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In response to the US government 's refusal to grant asylum to Haitian migrants in the United States, thousands of them have decided to settle in the border cities of Tijuana and Baja California in Mexico.
 

"Since Donald Trump's presidency, Haitians have stopped crossing the border because they thought that if they crossed the border they would be deported to Haiti," said Wilner Metelus, chair of the Citizens' Committee for the Defense of the Naturalized and Afromexican (CCDNAM).
 
Given the new circumstances, the objective of Haitian migrants is to legally establish themselves in Mexico, by means of a humanitarian visa, since the refugee status has been denied to them by Mexican authorities.
 
However, "95% of the Haitian migrants who arrived in Mexico do not have a passport to obtain a humanitarian visa," he said. Most of them arrived on foot from Brazil following an ongoing economic crisis there.
 
At the moment, only 1.200 out of more than 10.000 Haitian migrants  have formally applied for a humanitarian visa according to the Mexican authorities; However, immigration officials have only approved 700.
 
One of the limitations of the humanitarian visa is that it does not allow its bearer to open a bank account. Although it was affirmed that with this visa the migrants could make use of the medical service of the IMSS the reality is that when they come to request they are denied  because they do not have insurance.
 
"There is no coordination between the Migration Institute and other institutions," added Metelus.

Even companies do not know if their legal status allows them to work or not, since there is no information as to whether they are allowed to work with their humanitarian visa.
 
"Many are working in some companies; and there are many young people, they want to study but in many schools they can not register, a foreigner who wants to enter a university must have a permit with a signature from the head of INAMI," he said.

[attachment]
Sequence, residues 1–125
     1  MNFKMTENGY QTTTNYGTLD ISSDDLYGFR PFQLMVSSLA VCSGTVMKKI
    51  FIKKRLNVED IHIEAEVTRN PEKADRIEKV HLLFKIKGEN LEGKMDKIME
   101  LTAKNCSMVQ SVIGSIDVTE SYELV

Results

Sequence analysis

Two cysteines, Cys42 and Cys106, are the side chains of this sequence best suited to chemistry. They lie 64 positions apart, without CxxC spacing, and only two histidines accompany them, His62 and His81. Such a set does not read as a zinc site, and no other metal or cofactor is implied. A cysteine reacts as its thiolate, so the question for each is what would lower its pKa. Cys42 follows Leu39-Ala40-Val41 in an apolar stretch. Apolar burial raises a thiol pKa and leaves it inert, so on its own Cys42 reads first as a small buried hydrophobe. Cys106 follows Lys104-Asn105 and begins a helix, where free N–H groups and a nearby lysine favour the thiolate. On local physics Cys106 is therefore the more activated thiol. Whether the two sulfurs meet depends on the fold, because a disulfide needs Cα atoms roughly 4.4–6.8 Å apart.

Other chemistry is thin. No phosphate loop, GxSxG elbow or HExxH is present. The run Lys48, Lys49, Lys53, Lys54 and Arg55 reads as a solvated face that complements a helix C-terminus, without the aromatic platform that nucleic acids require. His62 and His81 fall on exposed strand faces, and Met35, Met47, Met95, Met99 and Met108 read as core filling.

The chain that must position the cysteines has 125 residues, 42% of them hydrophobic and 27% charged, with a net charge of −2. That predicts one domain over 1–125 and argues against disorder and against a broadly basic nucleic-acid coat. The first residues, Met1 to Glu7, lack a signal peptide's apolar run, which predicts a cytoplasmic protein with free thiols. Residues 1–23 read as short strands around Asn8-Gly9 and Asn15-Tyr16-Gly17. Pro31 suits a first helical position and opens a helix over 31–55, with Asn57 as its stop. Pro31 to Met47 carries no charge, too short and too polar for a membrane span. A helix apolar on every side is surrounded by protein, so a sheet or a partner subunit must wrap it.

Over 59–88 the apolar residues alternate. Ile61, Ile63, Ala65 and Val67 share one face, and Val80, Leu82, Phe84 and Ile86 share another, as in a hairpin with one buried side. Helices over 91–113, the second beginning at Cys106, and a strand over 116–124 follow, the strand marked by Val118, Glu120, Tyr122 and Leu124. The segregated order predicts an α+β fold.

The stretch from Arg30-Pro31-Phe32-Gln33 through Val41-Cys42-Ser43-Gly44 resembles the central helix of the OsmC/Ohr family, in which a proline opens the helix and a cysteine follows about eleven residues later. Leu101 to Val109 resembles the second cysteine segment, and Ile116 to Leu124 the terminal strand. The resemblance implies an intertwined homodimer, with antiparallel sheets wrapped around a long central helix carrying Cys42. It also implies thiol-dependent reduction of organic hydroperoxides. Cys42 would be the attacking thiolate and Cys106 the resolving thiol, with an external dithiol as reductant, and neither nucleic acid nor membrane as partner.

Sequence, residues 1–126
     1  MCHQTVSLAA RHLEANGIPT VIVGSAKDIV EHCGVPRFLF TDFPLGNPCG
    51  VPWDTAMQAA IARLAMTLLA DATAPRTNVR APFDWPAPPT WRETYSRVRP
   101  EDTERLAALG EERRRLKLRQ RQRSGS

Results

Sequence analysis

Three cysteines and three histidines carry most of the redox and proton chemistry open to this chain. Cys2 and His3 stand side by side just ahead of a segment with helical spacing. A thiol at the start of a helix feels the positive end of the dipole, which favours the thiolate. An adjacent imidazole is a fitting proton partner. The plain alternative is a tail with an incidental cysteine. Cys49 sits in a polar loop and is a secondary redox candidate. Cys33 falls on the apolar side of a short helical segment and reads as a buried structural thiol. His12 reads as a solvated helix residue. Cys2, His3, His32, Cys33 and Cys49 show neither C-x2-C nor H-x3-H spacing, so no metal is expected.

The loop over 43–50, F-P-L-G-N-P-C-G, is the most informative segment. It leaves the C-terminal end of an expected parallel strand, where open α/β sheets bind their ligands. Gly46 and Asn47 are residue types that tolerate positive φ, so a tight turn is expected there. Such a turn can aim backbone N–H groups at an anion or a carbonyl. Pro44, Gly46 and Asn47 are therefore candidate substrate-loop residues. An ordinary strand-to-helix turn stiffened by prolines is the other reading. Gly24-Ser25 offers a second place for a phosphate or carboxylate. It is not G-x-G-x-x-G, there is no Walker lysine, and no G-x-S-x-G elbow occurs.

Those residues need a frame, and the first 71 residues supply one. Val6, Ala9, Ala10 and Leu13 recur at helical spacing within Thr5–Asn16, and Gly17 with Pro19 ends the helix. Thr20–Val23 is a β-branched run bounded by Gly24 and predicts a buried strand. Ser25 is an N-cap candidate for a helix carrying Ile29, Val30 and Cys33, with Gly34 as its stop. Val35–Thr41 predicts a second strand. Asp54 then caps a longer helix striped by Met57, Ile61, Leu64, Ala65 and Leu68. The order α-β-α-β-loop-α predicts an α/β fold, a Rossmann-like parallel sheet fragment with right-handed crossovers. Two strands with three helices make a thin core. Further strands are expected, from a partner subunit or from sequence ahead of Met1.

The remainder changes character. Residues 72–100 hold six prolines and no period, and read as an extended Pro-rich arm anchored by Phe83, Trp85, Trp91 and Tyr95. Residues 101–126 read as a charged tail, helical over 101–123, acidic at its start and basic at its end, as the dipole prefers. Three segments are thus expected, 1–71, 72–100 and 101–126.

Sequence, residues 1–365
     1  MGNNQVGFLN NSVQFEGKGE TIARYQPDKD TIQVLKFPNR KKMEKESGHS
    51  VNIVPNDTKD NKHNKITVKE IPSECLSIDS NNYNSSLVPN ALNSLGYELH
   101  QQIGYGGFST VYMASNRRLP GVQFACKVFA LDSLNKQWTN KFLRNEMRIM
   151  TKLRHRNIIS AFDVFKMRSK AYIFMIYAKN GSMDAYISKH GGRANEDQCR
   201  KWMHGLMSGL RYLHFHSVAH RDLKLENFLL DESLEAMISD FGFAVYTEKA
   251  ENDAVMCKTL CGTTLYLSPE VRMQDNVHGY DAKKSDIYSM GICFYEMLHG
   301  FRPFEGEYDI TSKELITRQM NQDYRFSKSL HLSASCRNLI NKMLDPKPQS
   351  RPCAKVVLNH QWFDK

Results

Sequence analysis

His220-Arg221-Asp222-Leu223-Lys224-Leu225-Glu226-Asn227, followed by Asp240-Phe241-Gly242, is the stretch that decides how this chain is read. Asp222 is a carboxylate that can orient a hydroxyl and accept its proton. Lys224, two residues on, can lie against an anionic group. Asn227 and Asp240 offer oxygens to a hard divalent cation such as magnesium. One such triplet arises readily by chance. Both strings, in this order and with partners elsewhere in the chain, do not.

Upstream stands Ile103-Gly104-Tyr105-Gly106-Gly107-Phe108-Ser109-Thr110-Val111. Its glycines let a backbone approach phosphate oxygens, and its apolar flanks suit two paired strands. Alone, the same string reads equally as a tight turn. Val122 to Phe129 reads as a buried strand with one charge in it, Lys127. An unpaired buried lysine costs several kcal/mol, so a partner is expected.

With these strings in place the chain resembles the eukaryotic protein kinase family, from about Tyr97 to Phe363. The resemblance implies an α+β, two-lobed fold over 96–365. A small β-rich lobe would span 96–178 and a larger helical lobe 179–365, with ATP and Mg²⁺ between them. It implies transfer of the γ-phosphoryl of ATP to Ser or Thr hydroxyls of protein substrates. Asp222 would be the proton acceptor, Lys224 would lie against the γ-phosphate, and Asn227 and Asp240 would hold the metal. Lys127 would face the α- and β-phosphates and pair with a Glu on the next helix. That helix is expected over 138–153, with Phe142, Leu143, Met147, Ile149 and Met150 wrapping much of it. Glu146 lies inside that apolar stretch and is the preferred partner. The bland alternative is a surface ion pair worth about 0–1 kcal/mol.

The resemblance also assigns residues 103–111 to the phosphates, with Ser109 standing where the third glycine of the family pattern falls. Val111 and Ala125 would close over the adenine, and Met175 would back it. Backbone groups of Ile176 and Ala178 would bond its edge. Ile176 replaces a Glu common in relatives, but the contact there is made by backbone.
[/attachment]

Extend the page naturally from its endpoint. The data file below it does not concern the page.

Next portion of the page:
"The Haitians have an ultimatum, September 30 is the last day for Haitians to legalize and in case they do not have the humanitarian visa the Mexican government says they will deport them," warned Metelus.
 
"Haiti is one of the poorest countries in the world, 95% of its budget depends on the international community, after 7 years that the earthquake has left 70,000 Haitians still living in the camps, it is time for solidarity of the Mexican government with the Haitian migrants, "he said.
 
"The Institue of National Migration (INAMI) is calling on the shelters to remove the Haitians because they are taking up space from the Mexican migrants deported," he said.

 
The support of the population towards the Haitians has ceased, nowadays shelters are not making donations of food or support the expense of light or water.
  
There are nearly 10,000 Haitians who are in the national territory although he affirmed that the authorities only recognize the 1.200 presence.
 
The committee count for the month of December last year was six thousand.
 
Although some have a humanitarian visa, it is difficult to obtain work mainly because of the language issue and there are also cases of abuse in that they do not receive benefits and legal guarantees when working.
 
With estimated salaries of 1,200 pesos it is difficult for them to survive and rent a house or apartment so if they are taken away from the shelter they will have to live on the street. 
 
 "A large part of the Haitian community is already working and the migrants we served are already living in the community in the central area," said the legal representative of the 2000 Hostel, José María García Lara.
 
Similarly, the Central American migrants who arrived a few weeks ago are relocating, some with the intention of crossing the United States and others with that of establishing themselves in the city.